Personally, I don’t wear a cross, on the basis that I’m not much of an advertisement for Christianity and I’d risk diminishing the brand. But for Eric Pickles, Communities Secretary, and Nadia Eweida, the former British Airways employee who has just won her appeal about cross-wearing at work at the European Court of Human Rights, it’s a basic freedom.

It’s hard to gainsay the judges’ view that manifesting your faith is a ‘fundamental right’. Any organisation that doesn’t have a problem about Muslim women wearing scarves and Sikh men wearing turbans but which gets uppity about a small cross, really does have a problem with consistency. As Pickles says, the symbol should be ‘discreet’, and as he didn’t say but the judges did, it shouldn’t pose a health and safety issue, which is presumably why they threw out a Christian nurse’s bid similarly to wear a cross at work, but otherwise it’s a no-brainer.

But what a useful man Pickles is. At the same time as the government lawyers were fighting at taxpayers’ expense to oppose Eweida’s appeal, he was preparing to sound off to British Future and Policy Exchange about how the Government does ‘do God’. Traditional freedoms, he maintains, are under threat from the ‘intolerance of aggressive secularism’. Fine, except that some of that intolerance is either sanctioned by government or promoted by it. I’ll get onto that later.

But he’s a sort of lightning conductor, is Pickles. If you’re a Tory voter who feels that the relationship between Westminster and Brussels is lopsided, why, the Communities Secretary feels just the same. If you’re worried about the impact of EU expansion on immigration and housing, well, Pickles is there too. From dustbin collections to saying prayers in council meetings, Pickles can be relied on to express the concern of normal voters, even while the government he’s part of goes on just as it did before.

My own rapture about the ECHR ruling about cross wearing is modified by the fact that the other cases before it were thrown out. One of them was Gary McFarlane, a Relate councillor who has a problem about providing gay people with relationship counselling, and Lillian Ladele, a registrar who didn’t want to conduct civil partnership ceremonies and who would, presumably, have even bigger problems presiding over gay marriages. They argued that their stance made them conscientious objectors. Ladele’s lawyers argued that employers should be required to make ‘reasonable accommodation’ for minority beliefs.

And that seems just to me. No one has ever suggested that in an organisation the size of Relate or in any register office there aren’t several employees, most of whom wouldn’t have a problem taking the clients that conscientious objectors turn down. In the NHS, obstetrics departments might not go out of their way to employ people with moral objections to abortion, but those who in conscience refuse to carry out terminations are covered by colleagues with no scruples on the matter. Where’s the difference?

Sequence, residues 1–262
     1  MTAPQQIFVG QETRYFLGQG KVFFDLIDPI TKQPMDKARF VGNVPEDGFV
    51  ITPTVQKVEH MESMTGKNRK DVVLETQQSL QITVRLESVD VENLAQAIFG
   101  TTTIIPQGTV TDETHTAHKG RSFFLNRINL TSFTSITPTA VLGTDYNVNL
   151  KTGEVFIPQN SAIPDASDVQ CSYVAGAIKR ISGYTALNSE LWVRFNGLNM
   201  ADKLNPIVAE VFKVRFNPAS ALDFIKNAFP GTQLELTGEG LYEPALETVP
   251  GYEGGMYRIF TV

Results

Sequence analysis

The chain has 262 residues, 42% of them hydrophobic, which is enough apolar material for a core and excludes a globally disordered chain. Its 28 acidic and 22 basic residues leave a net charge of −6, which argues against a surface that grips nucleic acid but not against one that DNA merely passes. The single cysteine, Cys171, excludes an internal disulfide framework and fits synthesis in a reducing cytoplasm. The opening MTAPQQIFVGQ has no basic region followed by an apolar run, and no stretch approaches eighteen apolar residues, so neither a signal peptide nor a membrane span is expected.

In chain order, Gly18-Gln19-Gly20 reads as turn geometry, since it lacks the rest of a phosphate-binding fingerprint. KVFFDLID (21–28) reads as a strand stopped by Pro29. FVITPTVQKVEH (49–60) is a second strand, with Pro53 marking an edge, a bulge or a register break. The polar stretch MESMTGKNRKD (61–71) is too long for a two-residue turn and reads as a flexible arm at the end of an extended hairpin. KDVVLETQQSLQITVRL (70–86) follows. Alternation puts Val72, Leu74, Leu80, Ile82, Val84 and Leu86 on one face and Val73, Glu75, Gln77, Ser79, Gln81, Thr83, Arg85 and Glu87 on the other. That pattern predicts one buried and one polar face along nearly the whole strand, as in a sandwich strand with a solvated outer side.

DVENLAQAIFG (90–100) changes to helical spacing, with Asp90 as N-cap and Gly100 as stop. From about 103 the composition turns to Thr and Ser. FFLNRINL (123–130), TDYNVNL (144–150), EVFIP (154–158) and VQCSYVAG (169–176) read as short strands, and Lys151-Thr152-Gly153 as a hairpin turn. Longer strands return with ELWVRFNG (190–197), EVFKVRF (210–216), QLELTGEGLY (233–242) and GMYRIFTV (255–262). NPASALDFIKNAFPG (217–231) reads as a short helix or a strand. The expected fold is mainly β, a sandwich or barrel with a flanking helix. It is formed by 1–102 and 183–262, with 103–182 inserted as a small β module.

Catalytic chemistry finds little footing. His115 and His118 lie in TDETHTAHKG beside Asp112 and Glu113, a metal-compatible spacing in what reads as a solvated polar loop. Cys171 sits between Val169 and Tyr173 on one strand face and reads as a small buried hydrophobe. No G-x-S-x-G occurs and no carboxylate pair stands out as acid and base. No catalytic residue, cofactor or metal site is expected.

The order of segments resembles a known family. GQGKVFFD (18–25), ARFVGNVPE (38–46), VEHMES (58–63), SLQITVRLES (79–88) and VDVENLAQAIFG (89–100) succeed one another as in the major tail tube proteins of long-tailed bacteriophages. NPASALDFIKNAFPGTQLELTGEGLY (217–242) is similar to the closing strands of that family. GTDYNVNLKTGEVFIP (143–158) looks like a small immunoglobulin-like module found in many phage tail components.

Granted, an organisation cannot function if employees cherrypick endlessly about whom they are, or are not, prepared to provide a service for; the bar for moral objection must be set high. But if an individual does feel that homosexual civil partnerships are not in the interests of society, or may in themselves be morally problematic, that isn’t an offbeat individual view; it’s one that was widely held until about 15 minutes ago and is still held by mainstream faiths.

The  UK equality law explicitly forbids denying goods or services to people on grounds of sexuality, and that’s because it was enacted by a Labour government with the support of prominent Tories, chief among them, David Cameron and George Osborne. One of the consequences of that well-intentioned law was that reputable Catholic adoption agencies were simply put out of business for discriminating in favour of married couples as adoptive parents.

It would have been possible for the Tories to have pressed for an amendment to ensure the act didn’t treat adoption in the same way as the provision of insurance and which exempted religious bodies from its provisions in some areas, but they chose not to. With that record, it’s hard, wouldn’t you say, to take Pickles entirely seriously when he declares that Tories are, in general, on the side of faith?

Tags: Eric Pickles, Religion, UK politics